The innocent children we saw in the movie are not just random kids, who show up in the video because they happened to be around when public television was taking interviews. They were carefully selected, based on their parents' involvement in communist activities, if these parents were effective and loyal members of society,preserving the values of communism and fostering them in their kids, so that the   offspring would become responsible members of the communist society.
        I haven't lived during the communist rule in my country, but I have been exposed to aspects of it and the way the Russian people talk about it is familiar to me. The way the interiors of their houses look like, even the social commentaries on class and income feel as if taken from a Romanian documentary about the democratization of my country. I relate to it in a very strong way. However, I can imagine that the American perspective on all of these issues is different. How does it make you feel when you see how fascinating wearing a T-shirt with USA written on it is for some people? Can you understand how cool the UCLA logo must have been ( I bet most people in Russia don't know what UCLA is even today...)? How does their perspective on the west make you feel?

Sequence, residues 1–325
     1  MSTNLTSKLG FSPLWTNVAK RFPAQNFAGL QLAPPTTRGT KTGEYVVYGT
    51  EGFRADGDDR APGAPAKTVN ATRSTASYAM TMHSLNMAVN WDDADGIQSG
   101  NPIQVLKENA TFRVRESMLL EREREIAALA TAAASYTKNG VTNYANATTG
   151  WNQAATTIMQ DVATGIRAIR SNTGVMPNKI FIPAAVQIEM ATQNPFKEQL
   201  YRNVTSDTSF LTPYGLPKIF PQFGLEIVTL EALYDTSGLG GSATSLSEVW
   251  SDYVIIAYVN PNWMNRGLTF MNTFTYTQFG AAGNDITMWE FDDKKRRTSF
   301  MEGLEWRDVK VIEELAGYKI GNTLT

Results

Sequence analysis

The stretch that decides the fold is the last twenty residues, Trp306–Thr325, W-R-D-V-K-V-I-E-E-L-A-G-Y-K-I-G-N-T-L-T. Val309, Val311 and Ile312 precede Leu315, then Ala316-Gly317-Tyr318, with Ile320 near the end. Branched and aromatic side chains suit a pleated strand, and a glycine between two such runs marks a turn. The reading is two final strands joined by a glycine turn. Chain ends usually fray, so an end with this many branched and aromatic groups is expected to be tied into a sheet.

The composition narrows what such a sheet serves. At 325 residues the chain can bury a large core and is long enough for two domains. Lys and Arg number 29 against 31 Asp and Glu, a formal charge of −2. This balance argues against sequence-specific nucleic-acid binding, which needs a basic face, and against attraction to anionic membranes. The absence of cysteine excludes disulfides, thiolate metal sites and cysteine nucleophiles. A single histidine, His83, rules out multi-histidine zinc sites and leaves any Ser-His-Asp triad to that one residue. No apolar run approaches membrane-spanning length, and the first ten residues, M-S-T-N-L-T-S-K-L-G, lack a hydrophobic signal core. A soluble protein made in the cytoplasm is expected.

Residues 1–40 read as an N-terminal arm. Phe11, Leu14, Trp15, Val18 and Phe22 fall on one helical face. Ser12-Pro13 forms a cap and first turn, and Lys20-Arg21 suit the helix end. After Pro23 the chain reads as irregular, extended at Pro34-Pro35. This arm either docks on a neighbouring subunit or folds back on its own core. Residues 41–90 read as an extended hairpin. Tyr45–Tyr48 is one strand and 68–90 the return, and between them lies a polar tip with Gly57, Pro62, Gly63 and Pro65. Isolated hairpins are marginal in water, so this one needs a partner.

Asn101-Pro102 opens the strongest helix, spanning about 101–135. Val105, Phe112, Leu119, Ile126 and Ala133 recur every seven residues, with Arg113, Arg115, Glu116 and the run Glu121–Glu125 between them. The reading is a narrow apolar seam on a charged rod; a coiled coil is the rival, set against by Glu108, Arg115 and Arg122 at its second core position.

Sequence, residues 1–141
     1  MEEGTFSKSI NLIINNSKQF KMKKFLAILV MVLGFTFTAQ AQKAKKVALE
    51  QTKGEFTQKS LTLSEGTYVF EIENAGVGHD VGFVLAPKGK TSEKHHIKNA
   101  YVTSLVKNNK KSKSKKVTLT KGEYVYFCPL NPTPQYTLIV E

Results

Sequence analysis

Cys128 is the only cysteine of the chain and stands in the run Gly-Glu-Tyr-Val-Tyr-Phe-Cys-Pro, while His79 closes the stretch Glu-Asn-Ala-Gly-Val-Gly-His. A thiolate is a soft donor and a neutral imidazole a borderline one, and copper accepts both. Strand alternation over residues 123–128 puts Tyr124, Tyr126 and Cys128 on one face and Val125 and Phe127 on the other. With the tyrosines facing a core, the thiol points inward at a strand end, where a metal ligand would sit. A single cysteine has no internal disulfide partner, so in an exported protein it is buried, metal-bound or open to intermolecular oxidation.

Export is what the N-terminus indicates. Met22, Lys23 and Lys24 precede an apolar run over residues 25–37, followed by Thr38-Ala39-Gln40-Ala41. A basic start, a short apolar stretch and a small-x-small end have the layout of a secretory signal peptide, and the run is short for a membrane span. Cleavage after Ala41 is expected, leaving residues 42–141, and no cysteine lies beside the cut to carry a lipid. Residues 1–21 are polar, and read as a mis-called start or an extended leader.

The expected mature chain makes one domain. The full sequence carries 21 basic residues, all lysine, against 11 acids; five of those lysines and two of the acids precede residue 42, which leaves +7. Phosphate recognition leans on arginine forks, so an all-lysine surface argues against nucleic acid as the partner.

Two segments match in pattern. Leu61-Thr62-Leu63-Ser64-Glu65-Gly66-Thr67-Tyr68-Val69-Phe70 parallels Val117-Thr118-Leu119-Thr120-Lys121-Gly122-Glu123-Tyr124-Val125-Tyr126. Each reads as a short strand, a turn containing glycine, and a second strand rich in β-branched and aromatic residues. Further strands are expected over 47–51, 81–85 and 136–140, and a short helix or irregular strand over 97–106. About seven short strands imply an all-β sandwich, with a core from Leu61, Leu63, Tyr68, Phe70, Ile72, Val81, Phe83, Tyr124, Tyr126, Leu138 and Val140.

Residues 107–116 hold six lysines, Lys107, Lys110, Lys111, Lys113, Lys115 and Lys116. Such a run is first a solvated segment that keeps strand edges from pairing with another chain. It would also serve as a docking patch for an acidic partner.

All in all, I think the things I am most curious about are: how do you feel about communism and about this movie? Can you put yourself in this situation? Do you resonate with the characters? Can you imagine how life was like either during the communist rule or at the time when the movie was made?